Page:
Re-Pitching the Tent

Dialogue sermon by Rev. Dr. Gerald Christianson and Minister of Music Timothy Braband

Tim:  Something strange is going on here.

Jerry: You mean that you’re doing a sermon? Or that I might direct the choir!

Tim: Nice try, but not a chance!  No, I mean that our assigned topic is “Re-pitching the Tent,” but the lesson(s) today are all about temples.

Jerry: Just look up. We are in a tent: this was exactly our intention in 1969-71 after the fire.

Tim: This is a good chance for me to say that Jerry was a member of the committee in those days.

Jerry: And Tim has been director of a music program that has enhanced and enlivened our worship since 1975.  From both of us, thank you, St. James for your invitation and for this opportunity for all of us to dialogue about worship and space.

Tim: Something else is strange here. Space may be our topic, but if this is to be a genuine sermon, we need to address the issue of our separation from one another and from God, and our desire for loving relationships.

Jerry: What we need is assurance. That’s our theme today. So let’s describe three ways that express who we are and where we are in this place. The First is ASSURANCE from the GATHERED COMMUNITY.

Tim: God’s faithfulness to his covenant, to his promise to care for his people is central to the Old Testament. It’s at the heart of today’s Psalm. I like this Psalm especially since in gratitude for his care we break out in singing!

Jerry: And it’s the ground of what Luther thought most central to our need:  the assurance and confidence that God cares for us.

Tim: And that’s what this space has been saying to us all these years: we are his people, and he cares for us week by week in preaching, water, and meal.

Jerry: Most churches are long and narrow with people facing front where a pastor apparently is hired to do worship for us.  But when we began re-pitching the tent in 1969, we wanted to say something else: that the people gather together here around word and sacrament. In the words of John’s Gospel, “The Word became flesh and pitched his tent among us.”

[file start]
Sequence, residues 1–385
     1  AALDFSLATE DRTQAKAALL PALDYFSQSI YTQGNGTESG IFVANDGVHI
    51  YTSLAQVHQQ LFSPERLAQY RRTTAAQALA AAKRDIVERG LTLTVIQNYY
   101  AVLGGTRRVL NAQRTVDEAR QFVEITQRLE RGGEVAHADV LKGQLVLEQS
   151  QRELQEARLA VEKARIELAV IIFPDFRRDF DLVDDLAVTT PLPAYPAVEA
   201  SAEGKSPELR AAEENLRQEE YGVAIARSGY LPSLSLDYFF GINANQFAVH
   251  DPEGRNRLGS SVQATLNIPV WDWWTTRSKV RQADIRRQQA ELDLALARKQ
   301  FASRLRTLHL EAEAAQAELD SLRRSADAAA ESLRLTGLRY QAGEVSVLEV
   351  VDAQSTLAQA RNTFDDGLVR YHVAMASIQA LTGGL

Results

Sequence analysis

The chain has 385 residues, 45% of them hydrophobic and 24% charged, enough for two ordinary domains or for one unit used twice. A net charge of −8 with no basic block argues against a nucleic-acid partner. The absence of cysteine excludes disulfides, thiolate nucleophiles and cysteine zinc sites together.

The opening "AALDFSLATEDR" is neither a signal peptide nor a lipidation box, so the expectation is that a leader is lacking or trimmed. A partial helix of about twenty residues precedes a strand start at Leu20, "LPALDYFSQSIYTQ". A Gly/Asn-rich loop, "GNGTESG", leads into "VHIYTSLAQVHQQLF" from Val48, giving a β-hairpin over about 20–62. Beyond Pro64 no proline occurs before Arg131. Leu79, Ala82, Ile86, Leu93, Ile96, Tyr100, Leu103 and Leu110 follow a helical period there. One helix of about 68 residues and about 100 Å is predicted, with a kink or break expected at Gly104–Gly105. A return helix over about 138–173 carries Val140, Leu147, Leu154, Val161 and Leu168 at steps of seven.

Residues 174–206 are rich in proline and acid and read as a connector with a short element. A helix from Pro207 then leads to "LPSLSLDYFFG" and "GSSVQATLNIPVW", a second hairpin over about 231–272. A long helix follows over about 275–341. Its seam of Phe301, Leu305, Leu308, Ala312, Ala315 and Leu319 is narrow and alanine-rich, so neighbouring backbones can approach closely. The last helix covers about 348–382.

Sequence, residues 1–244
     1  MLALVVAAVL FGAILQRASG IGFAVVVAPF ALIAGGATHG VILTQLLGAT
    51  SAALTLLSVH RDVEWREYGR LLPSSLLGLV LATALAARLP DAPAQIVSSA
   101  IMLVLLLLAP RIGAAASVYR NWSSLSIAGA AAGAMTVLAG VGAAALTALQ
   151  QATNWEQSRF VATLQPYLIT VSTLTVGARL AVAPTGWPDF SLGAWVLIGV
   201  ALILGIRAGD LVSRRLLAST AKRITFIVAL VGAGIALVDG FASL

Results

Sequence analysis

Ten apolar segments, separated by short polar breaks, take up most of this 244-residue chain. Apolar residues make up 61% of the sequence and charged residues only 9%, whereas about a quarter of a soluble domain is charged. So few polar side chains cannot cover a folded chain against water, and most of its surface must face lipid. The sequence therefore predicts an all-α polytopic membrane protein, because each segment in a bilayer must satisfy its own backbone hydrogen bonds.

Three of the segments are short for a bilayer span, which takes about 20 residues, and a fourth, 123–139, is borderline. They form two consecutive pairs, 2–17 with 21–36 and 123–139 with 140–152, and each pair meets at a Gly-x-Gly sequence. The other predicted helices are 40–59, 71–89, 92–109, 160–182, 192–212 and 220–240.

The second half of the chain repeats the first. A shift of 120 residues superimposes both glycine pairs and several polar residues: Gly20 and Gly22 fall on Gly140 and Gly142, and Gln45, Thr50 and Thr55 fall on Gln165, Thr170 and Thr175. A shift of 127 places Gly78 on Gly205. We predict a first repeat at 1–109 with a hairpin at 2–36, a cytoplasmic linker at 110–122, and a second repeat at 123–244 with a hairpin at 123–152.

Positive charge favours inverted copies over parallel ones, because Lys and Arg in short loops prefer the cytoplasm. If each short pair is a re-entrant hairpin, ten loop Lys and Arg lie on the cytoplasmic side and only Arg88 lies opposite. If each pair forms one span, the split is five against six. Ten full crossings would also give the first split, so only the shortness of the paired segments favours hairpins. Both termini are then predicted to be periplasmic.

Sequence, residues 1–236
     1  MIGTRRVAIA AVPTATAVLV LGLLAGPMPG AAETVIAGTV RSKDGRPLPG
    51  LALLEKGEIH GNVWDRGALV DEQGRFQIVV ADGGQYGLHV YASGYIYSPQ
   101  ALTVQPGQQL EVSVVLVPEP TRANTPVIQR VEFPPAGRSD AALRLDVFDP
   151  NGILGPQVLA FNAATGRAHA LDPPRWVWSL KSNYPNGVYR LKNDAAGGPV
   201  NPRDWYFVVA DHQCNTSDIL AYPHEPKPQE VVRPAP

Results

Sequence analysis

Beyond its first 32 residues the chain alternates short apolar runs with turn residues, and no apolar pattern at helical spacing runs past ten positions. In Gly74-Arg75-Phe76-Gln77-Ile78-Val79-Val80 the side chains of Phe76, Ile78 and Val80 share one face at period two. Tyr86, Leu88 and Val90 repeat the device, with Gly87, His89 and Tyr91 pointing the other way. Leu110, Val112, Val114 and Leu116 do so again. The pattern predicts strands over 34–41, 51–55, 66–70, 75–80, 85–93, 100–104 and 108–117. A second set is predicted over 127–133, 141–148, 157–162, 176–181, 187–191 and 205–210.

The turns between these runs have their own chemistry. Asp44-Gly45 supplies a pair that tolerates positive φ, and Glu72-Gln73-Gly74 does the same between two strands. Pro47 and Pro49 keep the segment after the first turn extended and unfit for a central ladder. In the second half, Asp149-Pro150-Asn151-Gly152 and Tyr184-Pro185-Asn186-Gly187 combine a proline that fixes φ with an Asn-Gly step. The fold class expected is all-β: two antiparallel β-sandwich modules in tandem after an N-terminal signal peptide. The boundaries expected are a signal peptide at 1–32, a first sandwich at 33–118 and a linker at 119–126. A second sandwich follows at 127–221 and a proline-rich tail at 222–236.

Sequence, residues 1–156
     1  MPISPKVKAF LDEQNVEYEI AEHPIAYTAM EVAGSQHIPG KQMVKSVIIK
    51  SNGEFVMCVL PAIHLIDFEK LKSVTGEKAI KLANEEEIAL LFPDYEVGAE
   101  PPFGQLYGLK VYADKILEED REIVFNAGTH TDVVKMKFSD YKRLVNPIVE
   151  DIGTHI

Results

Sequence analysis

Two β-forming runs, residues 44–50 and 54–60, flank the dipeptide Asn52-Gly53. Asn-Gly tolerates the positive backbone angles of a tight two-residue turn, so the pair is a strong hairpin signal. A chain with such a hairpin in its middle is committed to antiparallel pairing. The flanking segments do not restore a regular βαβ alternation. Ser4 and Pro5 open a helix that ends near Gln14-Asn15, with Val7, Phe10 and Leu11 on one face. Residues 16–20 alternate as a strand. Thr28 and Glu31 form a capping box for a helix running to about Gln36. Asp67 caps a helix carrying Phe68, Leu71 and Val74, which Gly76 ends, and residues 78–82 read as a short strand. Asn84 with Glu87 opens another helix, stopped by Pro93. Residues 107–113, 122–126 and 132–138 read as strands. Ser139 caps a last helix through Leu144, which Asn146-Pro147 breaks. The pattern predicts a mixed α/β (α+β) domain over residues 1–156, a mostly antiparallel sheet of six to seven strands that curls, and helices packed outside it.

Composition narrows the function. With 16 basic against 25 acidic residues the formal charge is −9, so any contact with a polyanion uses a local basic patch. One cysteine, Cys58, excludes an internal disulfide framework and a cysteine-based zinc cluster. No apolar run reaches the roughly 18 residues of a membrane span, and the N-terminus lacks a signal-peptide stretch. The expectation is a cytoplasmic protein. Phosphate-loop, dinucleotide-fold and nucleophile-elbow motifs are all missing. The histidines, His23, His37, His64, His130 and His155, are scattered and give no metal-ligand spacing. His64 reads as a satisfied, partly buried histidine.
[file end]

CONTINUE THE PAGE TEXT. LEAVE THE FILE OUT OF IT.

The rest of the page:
Tim: I can remember my first impression when Barbara and I arrived in 1975 . . . I was impressed not only by the people literally gathered around the table and pulpit but, as a musician, by a worship space that provides a maximum of flexibility for liturgy, concerts, drama and even audio-visuals.

Jerry: Nevertheless, the temple of Jerusalem figures prominently in the OT.

Tim: It’s part of an on-going debate between temple and tent that runs throughout history. The prophets (Nathan) expressed the dilemma best: are we to focus on “holy spaces” or holy words and actions?

Jerry: St. James doesn’t come primarily from the temple, but from the tent.

Tim: Tents can be romantic, like a camping trip. But when storms batter Haiti, the tents and shacks that are home to thousands of impoverished Haitians don’t seem very romantic.

Jerry: That’s why the Bible uses tents to remind us that we’re not here forever.  Think of how many times the bell tolled last week for friends like Lucille, Al, Gertrude, and many others.  Our only assurance is not a place, or building or anything we can contribute, but God’s promise of care and loving kindness.

Tim: We know that great spiritual, “Ezekiel saw the wheel a’rolling way up in the middle of the air.” It expresses the dilemma of the people of Israel who had come to believe that God could dwell in only one place. But then they were driven out into a terrible and lengthy exile in Babylon.

Jerry: The exile was a critical moment. The people couldn’t take the temple with them. It wasn’t mobile, so Ezekiel declared that God was.

Tim: He was a “wheel within a wheel a’rollin.”  He’d go anywhere, to the ends of the earth—even to the cross—to be with us.

Jerry: Crisis came again when the Romans destroyed the temple in 70 AD.  But by this time most Jews worshipped in synagogues.  The word means “gathering.”  The early Christians took this as their model when they met in “house churches,” Domus ecclesiae, the house of the people.

Tim: They defined themselves as ecclesia, the church, by which they meant the community more than the building.